ZI: The objective of the GEG is to ensure more climate protection in the building sector. Do the new regulations achieve this?
Prof. Holm: Yes and no. The Act can in any case make an important contribution to achieving it, but probably not until version 2.0 comes out. With regard to many aspects, it doesn’t say anything different than the regulations that we have had up to now – especially in housing construction. For example, the requirements from the Energy-Saving Ordinance 2016 (EnEV) or the Act on the Promotion of Renewable Energies in the Heat Sector (EEWärmeG) have been retained in the GEG. But looking to the future, the Act is certainly heading in the right direction.
Prof. Holm: In principle, every newbuild causes CO2 emissions – regardless of how low these may be. For that reason, it is prudent to ensure in the long term and in the medium term, respectively, that the carbon dioxide emissions of a newbuild are minimized both during its construction and in its usage phase. That is because what I do today will endure for a long time. The lifetime of technical construction materials usually lasts several decades – in the case of load-bearing elements like, for example, brick masonry, we are even talking around 100 years. So it is judicious to commit to low-CO2 energy sources now. At the same time, it is necessary to ensure that these are permanently available in the required quantities. After all, CO2-neutral does not mean the same as energy efficient. A poorly insulated house that is heated with wood would be climate-neutral as wood is CO2-free by definition. However, for this you would need around 1.5 hectares of sustainably managed woodland. For this reason, it is important to take an integrated approach to energy efficiency. In my opinion, in the future it will be very much about how we manage renewable energies. Here, the building envelope and the building method play a key role.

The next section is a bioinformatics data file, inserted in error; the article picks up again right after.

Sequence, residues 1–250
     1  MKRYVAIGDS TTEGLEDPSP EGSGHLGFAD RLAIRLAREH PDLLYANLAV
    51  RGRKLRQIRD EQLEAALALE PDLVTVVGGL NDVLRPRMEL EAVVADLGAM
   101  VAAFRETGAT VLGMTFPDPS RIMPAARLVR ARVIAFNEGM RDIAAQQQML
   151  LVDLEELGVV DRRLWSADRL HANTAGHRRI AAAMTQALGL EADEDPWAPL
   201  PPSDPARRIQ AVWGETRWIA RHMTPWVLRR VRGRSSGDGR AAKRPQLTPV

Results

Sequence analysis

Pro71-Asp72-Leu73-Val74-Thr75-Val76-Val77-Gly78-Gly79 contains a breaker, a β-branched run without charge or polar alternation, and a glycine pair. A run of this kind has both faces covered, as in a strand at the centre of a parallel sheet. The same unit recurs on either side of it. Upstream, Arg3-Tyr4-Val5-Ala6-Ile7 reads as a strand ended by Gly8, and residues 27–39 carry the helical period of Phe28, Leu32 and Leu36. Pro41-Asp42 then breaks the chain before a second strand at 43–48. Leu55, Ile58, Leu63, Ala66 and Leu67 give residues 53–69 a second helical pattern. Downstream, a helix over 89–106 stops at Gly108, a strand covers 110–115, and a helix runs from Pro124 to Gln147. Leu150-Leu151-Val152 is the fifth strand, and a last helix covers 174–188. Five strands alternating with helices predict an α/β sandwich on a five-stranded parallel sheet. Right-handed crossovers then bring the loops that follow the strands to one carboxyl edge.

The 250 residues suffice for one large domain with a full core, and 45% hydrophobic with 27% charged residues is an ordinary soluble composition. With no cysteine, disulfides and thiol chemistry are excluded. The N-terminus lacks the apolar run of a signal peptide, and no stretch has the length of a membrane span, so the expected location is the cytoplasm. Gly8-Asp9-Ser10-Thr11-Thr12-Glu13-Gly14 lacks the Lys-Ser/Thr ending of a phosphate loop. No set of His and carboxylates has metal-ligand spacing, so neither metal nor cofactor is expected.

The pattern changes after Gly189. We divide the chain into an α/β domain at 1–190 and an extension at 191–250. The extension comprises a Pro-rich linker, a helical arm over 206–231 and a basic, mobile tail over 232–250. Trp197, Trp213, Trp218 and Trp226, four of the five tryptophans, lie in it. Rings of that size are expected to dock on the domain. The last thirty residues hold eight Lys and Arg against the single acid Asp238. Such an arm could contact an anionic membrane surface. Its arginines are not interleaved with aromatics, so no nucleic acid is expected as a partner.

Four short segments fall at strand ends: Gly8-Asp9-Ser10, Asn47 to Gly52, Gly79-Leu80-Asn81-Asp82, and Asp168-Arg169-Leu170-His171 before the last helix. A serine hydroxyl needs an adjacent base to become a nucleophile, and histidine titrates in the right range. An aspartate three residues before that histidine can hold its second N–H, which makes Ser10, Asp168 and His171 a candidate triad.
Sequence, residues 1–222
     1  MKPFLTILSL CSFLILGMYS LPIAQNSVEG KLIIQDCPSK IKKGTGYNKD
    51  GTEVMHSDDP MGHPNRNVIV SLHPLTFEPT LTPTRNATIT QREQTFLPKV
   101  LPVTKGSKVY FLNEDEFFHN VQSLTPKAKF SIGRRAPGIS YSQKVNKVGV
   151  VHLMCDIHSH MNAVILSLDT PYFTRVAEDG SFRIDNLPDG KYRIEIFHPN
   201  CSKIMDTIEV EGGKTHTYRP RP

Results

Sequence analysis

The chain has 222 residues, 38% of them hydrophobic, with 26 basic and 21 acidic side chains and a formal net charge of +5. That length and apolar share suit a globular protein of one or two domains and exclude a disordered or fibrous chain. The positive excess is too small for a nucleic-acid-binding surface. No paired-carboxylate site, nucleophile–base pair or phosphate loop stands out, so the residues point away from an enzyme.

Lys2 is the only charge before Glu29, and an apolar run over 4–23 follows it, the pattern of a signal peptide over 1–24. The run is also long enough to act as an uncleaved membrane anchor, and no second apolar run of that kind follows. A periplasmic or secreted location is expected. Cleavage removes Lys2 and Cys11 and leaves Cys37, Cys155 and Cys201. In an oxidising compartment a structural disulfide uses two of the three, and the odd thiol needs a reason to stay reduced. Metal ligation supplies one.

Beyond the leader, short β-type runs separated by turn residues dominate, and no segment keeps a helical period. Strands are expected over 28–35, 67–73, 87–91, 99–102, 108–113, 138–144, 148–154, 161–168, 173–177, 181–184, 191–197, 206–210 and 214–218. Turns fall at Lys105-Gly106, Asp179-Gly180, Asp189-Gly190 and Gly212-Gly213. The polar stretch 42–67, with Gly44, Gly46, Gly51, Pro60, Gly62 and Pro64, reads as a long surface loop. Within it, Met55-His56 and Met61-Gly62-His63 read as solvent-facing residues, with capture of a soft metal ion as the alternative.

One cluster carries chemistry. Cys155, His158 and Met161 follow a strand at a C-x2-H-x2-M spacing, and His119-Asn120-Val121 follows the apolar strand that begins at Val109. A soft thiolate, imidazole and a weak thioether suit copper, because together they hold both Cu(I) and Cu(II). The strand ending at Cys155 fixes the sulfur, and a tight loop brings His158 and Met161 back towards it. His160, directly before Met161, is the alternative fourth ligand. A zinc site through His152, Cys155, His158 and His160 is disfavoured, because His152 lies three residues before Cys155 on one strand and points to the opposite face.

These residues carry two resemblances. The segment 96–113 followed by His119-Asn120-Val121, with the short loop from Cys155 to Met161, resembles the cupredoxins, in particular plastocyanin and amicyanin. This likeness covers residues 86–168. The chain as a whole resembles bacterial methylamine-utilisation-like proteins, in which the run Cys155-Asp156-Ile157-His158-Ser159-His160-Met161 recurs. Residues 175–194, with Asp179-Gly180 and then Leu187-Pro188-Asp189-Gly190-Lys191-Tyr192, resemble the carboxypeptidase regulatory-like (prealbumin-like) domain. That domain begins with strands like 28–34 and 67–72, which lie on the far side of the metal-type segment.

Prof. Holm: I don’t believe that our energy requirement as it stands today can be covered exclusively by renewable energies. Therefore we have to massively reduce the energy required for the running of the building, too, and achieve a saving of at least 50 percent to realize the climate goals for all the different sectors. The GEG is, however, a step in the right direction in this respect. Above all, it is important that with regard to the building envelope, we have not eased up on additional important requirements. An example in this context would be heat insulation. For the building envelope ensures that we rationally manage the available quantities of energy.
Prof. Holm: Basically, the GEG does not say anything new for the building envelope as it is essentially the same as EnEV 2016. However, requirements for the future have also been set out in the Act. For example, from 2023, we have to take grey energy into account. At the present time, this does not yet have any consequences, but, of course, it will soon play a part. This also applies to any tightening of the regulations that may possibly be imposed on us.